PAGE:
Statistics for Lazy People, Part 2

Neat! Small mistake: "What is the probability that it will still be working after eight twenty years" should probably be "after twenty years". And multiple data points are exciting indeed!

Announcing "Naming What We Can"!

Perfect! In the end the impact will of course be orders of magnitude higher, as a slightly better name of any particular organization will affect tens if not hundreds of thousands of people in the long run. And there may even be a tail chance of better names increasing the community's stability and thus preventing collapse scenarios. I think overall you really undersold your project with that guesstimate model only focusing on this post only, as if that was all there is to it.

Announcing "Naming What We Can"!

I believe there are a few serious flaws in your guesstimate model:

  • a year has 365.2421905 days, not 365.25. That's not even rounded correctly!
  • Smiles per QALY should multiply days in a year with smiles in a good day, instead they are added. They don't even have the same unit, how can you add them! Insanity!
  • the post's karma is far outside of even your 99% interval

Everything else seems quite correct and I agree with your CIs and conclusions.

Also, please find a new name for guesstimate.

Statistics for Lazy People, Part 1

Nice post! Found it through the forum digest newsletter. Interestingly I knew Lindy's Law as the "Copernican principle" from Algorithms to Live By, IIRC. Searching for the term yields quite different results however, so I wonder what the connection is.

Also, I believe your webcomic example is missing a "1 -". You seem to have calculcated p(no further webcomic will be released this year) rather than p(there will be another webcomic this year). Increasing the time frame should increase the probability, but given the formula in the example, the probability would in fact decrease over time.

EA Münster Predictions 2021

"Bei 80% der Treffen der EA Münster Lokalgruppe in 2021 waren mehr als 5 Personen anwesend" - how will cancelled meetups (due to lack of attendees, if that ever happens) count into this? Not at all, or as <=5 attendees? (kind of reminds me of how the Deutsche Bahn decided to not count cancelled trains as delayed)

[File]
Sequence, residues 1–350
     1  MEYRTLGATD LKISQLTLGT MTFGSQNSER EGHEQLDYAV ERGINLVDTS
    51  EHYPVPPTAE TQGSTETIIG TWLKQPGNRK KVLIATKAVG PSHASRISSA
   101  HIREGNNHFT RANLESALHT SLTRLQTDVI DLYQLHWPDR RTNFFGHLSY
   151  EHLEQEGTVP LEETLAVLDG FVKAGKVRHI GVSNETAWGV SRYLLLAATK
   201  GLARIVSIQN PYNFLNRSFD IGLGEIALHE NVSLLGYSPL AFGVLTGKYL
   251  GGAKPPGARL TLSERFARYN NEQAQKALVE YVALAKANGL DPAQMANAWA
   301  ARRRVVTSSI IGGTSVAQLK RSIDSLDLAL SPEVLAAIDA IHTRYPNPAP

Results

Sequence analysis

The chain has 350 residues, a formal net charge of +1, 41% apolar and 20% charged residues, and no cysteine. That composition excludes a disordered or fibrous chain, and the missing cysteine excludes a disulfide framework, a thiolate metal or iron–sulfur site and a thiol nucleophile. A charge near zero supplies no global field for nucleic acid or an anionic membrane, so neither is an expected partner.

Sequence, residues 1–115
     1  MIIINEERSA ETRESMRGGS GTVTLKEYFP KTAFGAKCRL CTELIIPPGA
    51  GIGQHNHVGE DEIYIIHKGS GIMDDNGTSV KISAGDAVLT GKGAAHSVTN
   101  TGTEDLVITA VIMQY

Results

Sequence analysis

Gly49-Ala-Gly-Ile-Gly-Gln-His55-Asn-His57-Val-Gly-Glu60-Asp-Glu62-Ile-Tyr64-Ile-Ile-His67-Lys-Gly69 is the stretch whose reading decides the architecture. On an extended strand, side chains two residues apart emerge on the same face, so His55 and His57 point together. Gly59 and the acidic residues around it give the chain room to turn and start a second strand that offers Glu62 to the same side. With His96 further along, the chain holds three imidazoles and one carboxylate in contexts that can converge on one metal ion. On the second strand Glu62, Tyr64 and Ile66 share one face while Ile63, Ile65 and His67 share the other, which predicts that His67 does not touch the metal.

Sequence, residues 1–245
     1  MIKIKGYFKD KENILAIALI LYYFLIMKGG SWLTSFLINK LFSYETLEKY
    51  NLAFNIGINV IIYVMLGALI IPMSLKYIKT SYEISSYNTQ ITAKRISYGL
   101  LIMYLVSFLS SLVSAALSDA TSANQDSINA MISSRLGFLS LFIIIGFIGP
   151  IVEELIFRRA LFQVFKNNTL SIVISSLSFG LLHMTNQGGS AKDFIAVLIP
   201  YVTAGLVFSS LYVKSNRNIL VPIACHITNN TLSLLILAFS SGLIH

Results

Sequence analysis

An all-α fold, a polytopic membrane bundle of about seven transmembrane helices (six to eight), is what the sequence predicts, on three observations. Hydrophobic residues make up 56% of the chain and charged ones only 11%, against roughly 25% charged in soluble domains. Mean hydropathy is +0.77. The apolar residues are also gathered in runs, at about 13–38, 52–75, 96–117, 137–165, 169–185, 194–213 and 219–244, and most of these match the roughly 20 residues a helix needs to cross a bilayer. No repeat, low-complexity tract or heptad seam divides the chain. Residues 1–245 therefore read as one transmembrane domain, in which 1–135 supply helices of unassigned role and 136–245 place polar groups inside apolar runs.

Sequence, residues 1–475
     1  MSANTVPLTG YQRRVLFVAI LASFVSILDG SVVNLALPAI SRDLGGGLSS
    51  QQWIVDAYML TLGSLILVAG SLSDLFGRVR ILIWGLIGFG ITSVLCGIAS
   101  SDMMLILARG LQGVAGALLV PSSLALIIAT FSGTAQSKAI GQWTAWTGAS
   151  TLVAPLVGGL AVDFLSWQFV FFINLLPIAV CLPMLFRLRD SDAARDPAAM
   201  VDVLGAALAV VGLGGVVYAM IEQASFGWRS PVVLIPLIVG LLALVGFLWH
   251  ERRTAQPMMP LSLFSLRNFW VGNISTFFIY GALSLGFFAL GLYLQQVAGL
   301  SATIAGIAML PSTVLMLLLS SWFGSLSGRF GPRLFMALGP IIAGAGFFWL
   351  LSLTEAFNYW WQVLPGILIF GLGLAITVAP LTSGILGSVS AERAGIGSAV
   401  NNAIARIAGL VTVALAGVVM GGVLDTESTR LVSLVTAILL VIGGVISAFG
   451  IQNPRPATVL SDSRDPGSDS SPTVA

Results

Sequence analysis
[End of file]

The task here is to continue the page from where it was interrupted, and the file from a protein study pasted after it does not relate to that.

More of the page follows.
Also, coming from EA Bonn where our average attendance is ~4 people, I find the implications of this question impressive. :D

One’s Future Behavior as a Domain of Calibration

I see, so at the end of the day you're assigning a number representing how productive the day was, and you consider predicting that number the day before? I guess in case that rating is based on your feeling about the day as opposed to more objectively predefined criteria, the "predictions affect outcomes" issue might indeed be a bit larger here than described in the post, as in this case the prediction would potentially not only affect your behavior, but also the rating itself, so it could have an effect of decoupling the metric from reality to a degree.

If you end up doing this, I'd be very interested in how things go. May I message you in a month or so?

One’s Future Behavior as a Domain of Calibration

Good point, I also make predictions about quarterly goals (which I update twice a month) as well as my plans for the year. I find the latter especially difficult, as quite a lot can change within a year including my perspective on and priority of the goals. For short term goals you basically only need to predict to what degree you will act in accordance with your preferences, whereas for longer term goals you also need to take potential changes of your preferences into account.

It does appear to me that calibration can differ between the different time frames. I seem to be well calibrated regarding weekly plans, decently calibrated on the quarter level, and probably less so on the year level (I don't yet have any data for the latter). Admittedly that weakens the "calibration can be achieved quickly in this domain" to a degree, as calibrating on "behavior over the next year" might still take a year or two to significantly improve.

One’s Future Behavior as a Domain of Calibration

I personally tend to stick to the following system:

  • Every Monday morning I plan my week, usually collecting anything between 20 and 50 tasks I’d like to get done that week (this planning step usually takes me ~20 minutes)
    • Most such tasks are clear enough that I don’t need to specify any further definition of done; examples would be “publish a post in the EA forum”, “work 3 hours on project X”, “water the plants” or “attend my local group’s EA social” – very little “wiggle room” or risk of not knowing whether any of these evaluates to true or false in the end